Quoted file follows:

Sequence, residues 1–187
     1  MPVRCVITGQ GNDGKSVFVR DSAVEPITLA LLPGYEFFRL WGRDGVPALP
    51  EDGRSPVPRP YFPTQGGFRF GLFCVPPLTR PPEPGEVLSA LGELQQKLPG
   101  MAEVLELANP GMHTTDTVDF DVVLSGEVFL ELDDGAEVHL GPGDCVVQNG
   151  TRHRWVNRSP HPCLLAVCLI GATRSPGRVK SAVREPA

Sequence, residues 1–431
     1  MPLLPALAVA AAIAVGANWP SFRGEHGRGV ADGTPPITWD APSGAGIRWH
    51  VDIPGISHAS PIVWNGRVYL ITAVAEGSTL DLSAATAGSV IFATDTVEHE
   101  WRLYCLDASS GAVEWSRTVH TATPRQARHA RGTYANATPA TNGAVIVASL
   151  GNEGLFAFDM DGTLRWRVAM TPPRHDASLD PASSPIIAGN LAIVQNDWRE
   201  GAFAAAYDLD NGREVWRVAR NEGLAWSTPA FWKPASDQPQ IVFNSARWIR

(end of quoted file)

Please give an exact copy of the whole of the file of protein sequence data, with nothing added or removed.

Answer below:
Sequence, residues 1–187
     1  MPVRCVITGQ GNDGKSVFVR DSAVEPITLA LLPGYEFFRL WGRDGVPALP
    51  EDGRSPVPRP YFPTQGGFRF GLFCVPPLTR PPEPGEVLSA LGELQQKLPG
   101  MAEVLELANP GMHTTDTVDF DVVLSGEVFL ELDDGAEVHL GPGDCVVQNG
   151  TRHRWVNRSP HPCLLAVCLI GATRSPGRVK SAVREPA

Sequence, residues 1–431
     1  MPLLPALAVA AAIAVGANWP SFRGEHGRGV ADGTPPITWD APSGAGIRWH
    51  VDIPGISHAS PIVWNGRVYL ITAVAEGSTL DLSAATAGSV IFATDTVEHE
   101  WRLYCLDASS GAVEWSRTVH TATPRQARHA RGTYANATPA TNGAVIVASL
   151  GNEGLFAFDM DGTLRWRVAM TPPRHDASLD PASSPIIAGN LAIVQNDWRE
   201  GAFAAAYDLD NGREVWRVAR NEGLAWSTPA FWKPASDQPQ IVFNSARWIR